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Federal Law Enforcement, Local Police And Doctors Detail Charlotte's Heroin Problem

This chart is CMPD's view of the rising heroin problem. The DEA has additional data showing a sharp increase in fatal overdoses last year.

Between 2010 and 2015, heroin deaths skyrocketed 550 percent in North Carolina, according to the chief federal law enforcement officer in Charlotte. The U.S. Attorney for the Western District of North Carolina and the acting head of the DEA, local police and doctors detailed the problem at a conference in south Charlotte on Tuesday.

Jill Westmoreland Rose is the U.S. attorney over the 32 westernmost counties in North Carolina, including Mecklenburg County. 

“Whenever I go out and I talk to sheriffs and police chiefs across the district,” she says, “it's the one thing they always mention: how heroin and the opioid epidemic are affecting the people in their communities.”

The epidemic started with prescription painkillers, and they’re still responsible for most opioid deaths. But DEA Acting Administrator Chuck Rosenberg says there’s a new chapter. 

“We know that four out of five new heroin users start on prescription pills,” he says. “Most of those folks get those pills from a medicine cabinet, from a friend.”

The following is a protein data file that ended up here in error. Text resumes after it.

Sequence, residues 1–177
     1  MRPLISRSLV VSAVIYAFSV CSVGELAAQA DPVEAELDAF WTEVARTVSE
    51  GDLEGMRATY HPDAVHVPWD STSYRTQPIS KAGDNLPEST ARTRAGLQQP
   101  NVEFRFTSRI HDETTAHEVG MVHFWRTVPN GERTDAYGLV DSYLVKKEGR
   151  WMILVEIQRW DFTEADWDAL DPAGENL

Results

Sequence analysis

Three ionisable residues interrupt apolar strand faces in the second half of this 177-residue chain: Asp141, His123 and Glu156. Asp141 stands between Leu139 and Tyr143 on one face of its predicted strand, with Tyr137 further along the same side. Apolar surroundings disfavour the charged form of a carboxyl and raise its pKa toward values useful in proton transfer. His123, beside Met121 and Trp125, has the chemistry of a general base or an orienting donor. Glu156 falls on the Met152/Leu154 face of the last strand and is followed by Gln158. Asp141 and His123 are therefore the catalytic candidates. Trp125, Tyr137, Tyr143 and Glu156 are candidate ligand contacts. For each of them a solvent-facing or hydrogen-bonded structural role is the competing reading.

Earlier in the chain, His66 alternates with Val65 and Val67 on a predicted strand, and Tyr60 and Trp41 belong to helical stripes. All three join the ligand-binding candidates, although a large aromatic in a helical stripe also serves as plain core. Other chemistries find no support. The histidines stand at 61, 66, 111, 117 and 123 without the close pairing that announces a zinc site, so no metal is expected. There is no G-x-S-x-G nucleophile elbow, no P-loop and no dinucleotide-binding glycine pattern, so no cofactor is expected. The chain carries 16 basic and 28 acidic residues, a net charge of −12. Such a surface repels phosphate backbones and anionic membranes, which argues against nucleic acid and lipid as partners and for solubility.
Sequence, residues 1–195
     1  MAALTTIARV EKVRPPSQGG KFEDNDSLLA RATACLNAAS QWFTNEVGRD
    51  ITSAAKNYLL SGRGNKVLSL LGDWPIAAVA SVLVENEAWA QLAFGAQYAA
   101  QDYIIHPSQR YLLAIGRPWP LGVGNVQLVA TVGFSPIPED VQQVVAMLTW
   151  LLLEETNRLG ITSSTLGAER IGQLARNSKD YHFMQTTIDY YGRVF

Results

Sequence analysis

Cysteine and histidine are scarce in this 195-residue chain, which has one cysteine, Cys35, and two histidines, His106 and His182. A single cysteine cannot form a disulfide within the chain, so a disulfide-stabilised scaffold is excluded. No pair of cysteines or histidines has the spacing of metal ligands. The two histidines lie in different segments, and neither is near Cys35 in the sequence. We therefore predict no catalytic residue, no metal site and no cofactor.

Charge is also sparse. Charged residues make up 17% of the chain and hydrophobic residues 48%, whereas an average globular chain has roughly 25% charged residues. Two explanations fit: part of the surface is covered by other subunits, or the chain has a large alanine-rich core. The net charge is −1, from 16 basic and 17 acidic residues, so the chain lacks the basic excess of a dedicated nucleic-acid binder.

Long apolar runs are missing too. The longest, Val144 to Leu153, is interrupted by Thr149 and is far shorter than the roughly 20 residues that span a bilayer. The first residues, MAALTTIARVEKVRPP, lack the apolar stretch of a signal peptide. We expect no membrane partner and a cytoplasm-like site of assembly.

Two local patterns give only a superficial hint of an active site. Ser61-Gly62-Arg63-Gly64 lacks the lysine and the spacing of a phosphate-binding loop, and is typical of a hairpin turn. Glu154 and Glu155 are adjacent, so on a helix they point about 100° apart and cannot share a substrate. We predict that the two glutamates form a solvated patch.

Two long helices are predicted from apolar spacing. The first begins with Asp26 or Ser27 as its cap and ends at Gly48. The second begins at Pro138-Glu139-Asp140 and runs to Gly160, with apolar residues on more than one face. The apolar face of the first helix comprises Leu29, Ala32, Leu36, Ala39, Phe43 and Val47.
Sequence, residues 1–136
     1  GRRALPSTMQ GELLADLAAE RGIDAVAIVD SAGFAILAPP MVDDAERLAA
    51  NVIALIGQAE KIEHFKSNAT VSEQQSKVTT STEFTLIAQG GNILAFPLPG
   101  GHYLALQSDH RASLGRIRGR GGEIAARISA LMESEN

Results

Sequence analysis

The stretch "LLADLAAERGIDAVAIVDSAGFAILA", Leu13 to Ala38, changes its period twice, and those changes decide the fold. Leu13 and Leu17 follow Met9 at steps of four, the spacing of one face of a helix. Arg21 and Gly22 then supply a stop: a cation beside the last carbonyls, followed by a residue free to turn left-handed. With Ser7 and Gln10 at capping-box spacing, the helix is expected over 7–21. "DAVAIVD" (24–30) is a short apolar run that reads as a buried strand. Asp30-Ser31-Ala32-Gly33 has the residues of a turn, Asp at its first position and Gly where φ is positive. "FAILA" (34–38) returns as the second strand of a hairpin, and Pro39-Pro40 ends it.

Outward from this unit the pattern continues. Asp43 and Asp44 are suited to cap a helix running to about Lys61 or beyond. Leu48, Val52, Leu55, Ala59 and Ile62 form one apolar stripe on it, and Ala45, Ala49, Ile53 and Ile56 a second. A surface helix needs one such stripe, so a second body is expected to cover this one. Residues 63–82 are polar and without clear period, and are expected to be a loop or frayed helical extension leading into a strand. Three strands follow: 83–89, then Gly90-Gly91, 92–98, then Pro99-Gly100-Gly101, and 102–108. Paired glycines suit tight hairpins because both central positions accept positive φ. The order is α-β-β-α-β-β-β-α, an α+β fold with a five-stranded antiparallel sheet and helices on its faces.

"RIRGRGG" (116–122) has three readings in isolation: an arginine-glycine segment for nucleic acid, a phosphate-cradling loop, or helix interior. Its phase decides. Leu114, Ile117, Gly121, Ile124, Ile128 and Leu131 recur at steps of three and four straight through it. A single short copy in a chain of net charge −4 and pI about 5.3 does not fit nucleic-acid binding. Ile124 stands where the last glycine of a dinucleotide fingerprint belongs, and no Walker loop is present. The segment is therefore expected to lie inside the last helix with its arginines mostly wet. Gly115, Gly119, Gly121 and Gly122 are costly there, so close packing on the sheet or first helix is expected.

Once someone is addicted, heroin is a cheaper opioid that’s available on the street. Richard Hutchinson is a DEA intelligence specialist.   

“Charlotte has always been a stronghold for Mexican black tar heroin, and it still is,” he says. “The two cities east of the Mississippi that you hear about black tar heroin the most are Charlotte, North Carolina, and Columbus, Ohio.”

Hutchinson says other types of heroin are becoming more common, including some laced with fentanyl, a synthetic opioid that can be dangerous just to touch. 

Rosenberg, the DEA head, says it's primarily made in Chinese labs, shipped to Mexico and then smuggled through traditional drug routes. The DEA has ramped up seizures of it and other opioids. But Rosenberg says that’s only part of the solution.

“We’re not going to prosecute or jail or enforce our way out of this mess,” he says.

Charlotte-Mecklenburg Police Detective Paul Foushee backs that up. He says CMPD made nearly twice as many heroin arrests last year compared to just a few years before.

“We locked up over 360 people last year for heroin, but overdoses still went up,” he says.

That’s why the conference was about more than law enforcement. Staff from Anuvia, an addiction treatment center in Charlotte, talked about the importance of prevention and policy changes.

“One in North Carolina is the Good Samaritan law, which was passed not too long ago,” said Cindy Murphy, Anuvia’s director of prevention.

The law made the overdose reversal drug naloxone easier to get and prevented prosecution of those who try to save someone’s life with it. 

“But we do have room for improvement in the area of policy,” Murphy said. She and others at the conference called for a national prescription-drug monitoring program, rather than the state-by-state patchwork that currently exists. 

Stigma is another part of the problem, as some people view addiction as a character flaw rather than a medical illness. Dr. Stephen Wyatt is director of addiction for Carolinas HealthCare System.

“It literally is a disease of the brain, not unlike many other chronic illnesses,” he says.

Dr. Wyatt says there are effective medications that can assist with treatment. The key is getting people into treatment.